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Find

$\newcommand{\pars}[1]{\left\{ \frac{n}{#1} \right\}}$

$$\lim_{n\to\infty}\dfrac{1}{n} \left( \pars{1} - \pars{2} + ... + (-1)^{n+1} \pars{n} \right),$$

where $\left\{ x \right\} $ denotes the fractional part of $x$.

My guess is that the limit is equal to 0; I tried finding some asymptotics for the fractional part sum, by looking for example at ways to bound $\pars{k} - \pars{k+1}$; My intuition is that this difference is rather small(perhaps less than $\frac{n}{k(k+1)}$) and that it is big enough to be relevant only when one of them is zero, meaning that $k$ or $k+1$ divides $n$. This would lead me to conjecture that it grows at most as $O(\sqrt{n})$, which would make the limit zero, but I have not been able to make this rigorous. Another idea I had would be to look at the sum with odd denominator and the sum with even denominators and show that they must be "rather" close; this seems pretty intuitive but the fractional part is very chaotic and I have not been able to get any bounds.

Any ideas/tips would be appreciated!

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Yes, the limit is zero. Let's denote $n_k=\lfloor n/k\rfloor$. Then, for $1\leqslant r\leqslant n$, we have $$n_k=r\iff kr\leqslant n<k(r+1)\iff n_{r+1}<k\leqslant n_r.\tag{*}\label{basics}$$ In particular, for "small" $r$, there are "long" runs of $k$ with the same value of $n_k(=r)$.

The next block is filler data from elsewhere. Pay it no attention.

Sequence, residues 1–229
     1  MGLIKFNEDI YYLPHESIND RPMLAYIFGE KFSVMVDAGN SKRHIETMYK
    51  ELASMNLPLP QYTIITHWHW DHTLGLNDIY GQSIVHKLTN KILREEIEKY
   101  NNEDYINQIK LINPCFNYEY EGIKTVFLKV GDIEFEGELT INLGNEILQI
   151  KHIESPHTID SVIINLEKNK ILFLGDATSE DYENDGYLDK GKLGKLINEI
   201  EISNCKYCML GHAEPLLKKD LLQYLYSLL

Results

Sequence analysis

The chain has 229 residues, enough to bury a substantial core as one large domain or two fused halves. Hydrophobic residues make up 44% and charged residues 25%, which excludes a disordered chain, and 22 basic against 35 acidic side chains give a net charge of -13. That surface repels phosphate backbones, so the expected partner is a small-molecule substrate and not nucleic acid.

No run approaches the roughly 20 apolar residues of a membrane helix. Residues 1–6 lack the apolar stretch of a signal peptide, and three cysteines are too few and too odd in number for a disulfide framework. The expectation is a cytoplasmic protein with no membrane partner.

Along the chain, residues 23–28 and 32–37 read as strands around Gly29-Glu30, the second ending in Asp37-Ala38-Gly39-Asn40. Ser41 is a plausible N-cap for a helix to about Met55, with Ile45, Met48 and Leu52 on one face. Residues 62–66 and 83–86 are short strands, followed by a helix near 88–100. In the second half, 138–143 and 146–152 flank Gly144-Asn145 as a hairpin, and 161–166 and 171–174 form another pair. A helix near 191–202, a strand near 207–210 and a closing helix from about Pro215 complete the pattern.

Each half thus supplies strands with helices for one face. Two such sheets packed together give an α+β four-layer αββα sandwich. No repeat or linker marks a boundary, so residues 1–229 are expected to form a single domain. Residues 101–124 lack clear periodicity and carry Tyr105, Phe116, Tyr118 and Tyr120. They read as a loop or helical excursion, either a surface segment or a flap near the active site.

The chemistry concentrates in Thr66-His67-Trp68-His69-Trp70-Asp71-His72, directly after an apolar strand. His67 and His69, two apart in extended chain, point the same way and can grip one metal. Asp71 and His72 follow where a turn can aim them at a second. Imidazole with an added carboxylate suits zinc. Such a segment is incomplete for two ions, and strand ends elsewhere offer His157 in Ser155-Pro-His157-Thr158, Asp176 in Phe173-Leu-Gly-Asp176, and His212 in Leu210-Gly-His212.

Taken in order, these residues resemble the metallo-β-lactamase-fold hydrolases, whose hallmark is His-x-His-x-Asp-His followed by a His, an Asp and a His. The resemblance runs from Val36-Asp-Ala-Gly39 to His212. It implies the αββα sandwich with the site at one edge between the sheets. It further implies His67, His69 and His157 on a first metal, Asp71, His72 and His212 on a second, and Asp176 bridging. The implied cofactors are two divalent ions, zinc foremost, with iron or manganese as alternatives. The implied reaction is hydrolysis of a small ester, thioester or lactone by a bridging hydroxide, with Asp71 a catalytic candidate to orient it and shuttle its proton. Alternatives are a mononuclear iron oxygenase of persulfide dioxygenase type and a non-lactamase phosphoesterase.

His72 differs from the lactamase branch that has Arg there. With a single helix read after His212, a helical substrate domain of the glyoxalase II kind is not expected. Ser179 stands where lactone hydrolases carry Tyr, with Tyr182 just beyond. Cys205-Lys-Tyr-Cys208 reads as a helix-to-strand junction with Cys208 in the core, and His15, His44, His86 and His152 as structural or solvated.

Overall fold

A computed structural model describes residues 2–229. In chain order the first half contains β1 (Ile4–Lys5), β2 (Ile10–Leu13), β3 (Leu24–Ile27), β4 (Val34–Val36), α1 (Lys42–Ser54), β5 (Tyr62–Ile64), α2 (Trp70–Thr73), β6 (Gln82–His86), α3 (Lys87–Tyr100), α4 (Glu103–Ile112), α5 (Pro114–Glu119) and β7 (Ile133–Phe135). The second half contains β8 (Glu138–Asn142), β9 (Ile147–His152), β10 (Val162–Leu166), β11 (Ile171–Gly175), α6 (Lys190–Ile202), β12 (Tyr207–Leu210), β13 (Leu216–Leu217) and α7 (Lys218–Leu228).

This leads to a solution. Let $1<m<n$. Splitting the sum $\sum\limits_{k=1}^{n}=\sum\limits_{k=1}^{n_m}+\sum\limits_{r=2}^{m}\sum\limits_{k=n_r+1}^{n_{r-1}}$, we get, crudely, $$\left|\sum_{k=1}^{n}(-1)^{k-1}\left\{\frac{n}{k}\right\}\right|\leqslant\underbrace{\left|\sum_{k=1}^{n_m}(-1)^{k-1}\left\{\frac{n}{k}\right\}\right|}_{<n_m}+\sum_{r=2}^{m}\underbrace{\left|\sum_{k=n_r+1}^{n_{r-1}}(-1)^{k-1}\left\{\frac{n}{k}\right\}\right|}_{<m+n/n_m};$$ the second estimate holds because, under that sum, we have $\lfloor n/k\rfloor=r-1$ (see \eqref{basics}), hence $$\Bigg|\sum_{k=n_r+1}^{n_{r-1}}(-1)^{k-1}\underbrace{\left(\frac{n}{k}-r+1\right)}_{=\{n/k\}}\Bigg|\leqslant n\Bigg|\sum_{k=n_r+1}^{n_{r-1}}\frac{(-1)^{k-1}}{k}\Bigg|+(r-1)\Bigg|\sum_{k=n_r+1}^{n_{r-1}}(-1)^{k-1}\Bigg|<\frac{n}{n_r}+r.$$

Thus, we get an estimate $$\left|\sum_{k=1}^{n}(-1)^{k-1}\left\{\frac{n}{k}\right\}\right|<n_m+m^2+\frac{mn}{n_m},$$ and, taking $m=\lfloor n^{1/3}\rfloor$, we see that this is $\mathcal{O}(n^{2/3})$, which is sufficient.

This leaves the question whether there is a better estimate [than $\mathcal{O}(n^{2/3})$] open. Any refinements?..

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    $\begingroup$ The asymptotic of $D(n)=\sum_{k\le n} \lfloor n/k\rfloor$ is the Dirichlet divisor problem, here it is $\sum_{k\le n} (-1)^k n/k-(D(n)-2D(n/2) )$ which is the same. I'd say doing better than $O(n^{1/2})$ needs the analytic methods in Titchmarsh $\endgroup$ – reuns Jan 17 '20 at 20:57

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